Saturday, September 26, 2015

Querying: The Epic Struggle


I've been querying for a couple months now after a fresh round of more edits. In addition to giving me time to consider all the reasons my manuscript could be rejected, it's also given me some time to step back from the query process and think about which strategies and resources have been the most helpful. For other writers who are also, #amquerying out there, I thought I'd share some of the things I found the most useful.

Strategies/Resources:

  1. Find books that you've loved in the past that are in the genre you're writing and use the acknowledgments or google to find out who represents those authors.
  2. Go to the #mswl feed on twitter to find what manuscripts agents are interested in right now. #agentwishlist also serves this purpose, but I haven't found it as useful. Plus if you go to the #mswl website, you can sort by genre, thus pulling up any agents that might be currently searching for something specific. Think of it as the personals ads for the publishing business. Maybe someday they'll even come out with a Missed Connections section. I would love to see what that would look like. (You: A well-edited sci-fi with steampunk accessories I noticed from across the room. I: An agent in search of well written steampunk adventure.) But I digress. I've had a lot of luck with this resource, I even got a full manuscript request and quickly from a posting, so this would be the number one resource I would suggest checking out. Lesser known is also, mswlparagraph, a more expanded version where you can peruse longer wishlists by agent.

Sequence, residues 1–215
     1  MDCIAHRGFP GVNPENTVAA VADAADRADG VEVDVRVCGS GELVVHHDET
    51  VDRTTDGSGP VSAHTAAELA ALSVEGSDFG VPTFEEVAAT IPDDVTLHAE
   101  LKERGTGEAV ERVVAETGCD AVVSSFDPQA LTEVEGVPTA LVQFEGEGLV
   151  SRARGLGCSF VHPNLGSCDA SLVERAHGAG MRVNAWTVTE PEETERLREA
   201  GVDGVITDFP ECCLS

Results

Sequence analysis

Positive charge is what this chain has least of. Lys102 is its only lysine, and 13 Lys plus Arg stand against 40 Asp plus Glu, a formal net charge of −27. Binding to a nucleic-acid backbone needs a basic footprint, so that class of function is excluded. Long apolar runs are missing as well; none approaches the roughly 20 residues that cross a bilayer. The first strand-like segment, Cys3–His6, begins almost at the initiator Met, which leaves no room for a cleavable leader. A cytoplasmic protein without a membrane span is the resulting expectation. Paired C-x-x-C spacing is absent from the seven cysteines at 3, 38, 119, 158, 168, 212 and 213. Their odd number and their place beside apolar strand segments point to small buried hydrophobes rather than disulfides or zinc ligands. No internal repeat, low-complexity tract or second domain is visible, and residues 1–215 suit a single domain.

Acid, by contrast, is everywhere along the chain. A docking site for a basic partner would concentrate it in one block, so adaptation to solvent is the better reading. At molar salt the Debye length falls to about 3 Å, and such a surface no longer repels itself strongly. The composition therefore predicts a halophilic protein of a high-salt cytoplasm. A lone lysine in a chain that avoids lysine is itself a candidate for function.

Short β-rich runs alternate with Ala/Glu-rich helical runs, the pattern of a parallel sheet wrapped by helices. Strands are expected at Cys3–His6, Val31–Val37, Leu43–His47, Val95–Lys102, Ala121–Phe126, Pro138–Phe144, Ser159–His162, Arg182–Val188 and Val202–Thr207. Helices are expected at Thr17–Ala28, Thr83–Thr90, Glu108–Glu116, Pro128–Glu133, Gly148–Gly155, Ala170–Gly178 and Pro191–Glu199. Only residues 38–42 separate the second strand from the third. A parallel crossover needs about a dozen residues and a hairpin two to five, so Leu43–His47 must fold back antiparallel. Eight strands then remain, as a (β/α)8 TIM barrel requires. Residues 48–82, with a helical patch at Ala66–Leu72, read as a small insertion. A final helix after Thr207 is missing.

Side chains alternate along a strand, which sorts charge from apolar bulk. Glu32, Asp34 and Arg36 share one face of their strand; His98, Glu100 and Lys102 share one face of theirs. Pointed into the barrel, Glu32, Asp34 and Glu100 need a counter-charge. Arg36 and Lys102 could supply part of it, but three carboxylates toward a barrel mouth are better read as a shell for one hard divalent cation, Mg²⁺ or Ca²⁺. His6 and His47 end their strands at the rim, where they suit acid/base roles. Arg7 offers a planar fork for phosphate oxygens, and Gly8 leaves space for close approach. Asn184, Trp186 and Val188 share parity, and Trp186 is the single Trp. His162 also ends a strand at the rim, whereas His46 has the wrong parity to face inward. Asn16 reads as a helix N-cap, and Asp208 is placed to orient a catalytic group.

3. Publisher's Marketplace. I know, you have to pay a monthly fee. And that probably means you'll have to give up your sushi habit, or your potato chip habit, (don't judge me) to accommodate for it. But it's worth it. Publisher's Marketplace will list most deals for agents, (some aren't reported,) and this information gives you a much better idea if your book would be a fit for them than online interviews or agency websites because you can get a feel for the type of books they're interested in. For example, if they list middle grade on their website, PM can tell you if they've repped vampire trapeze artists or a story about a girl in drama club whose childhood best friend just betrayed her.


I'd love to hear about other resources and strategies others have used below in the comments. And good luck to anyone out there who is querying! 

4 comments:

  1. I spent a TON of time on agencies websites and checking out fellow authors agents. In the end, I went with a small publisher without an agent. Maybe next time. :)

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    1. Let me know when your book comes out Libby! Is it related to Tough Girl?

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  2. Do NOT even consider giving up the potato chip habit--the muse comes disguised in salt and oil!

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    1. That's the best defense for fried foods that I've ever heard!

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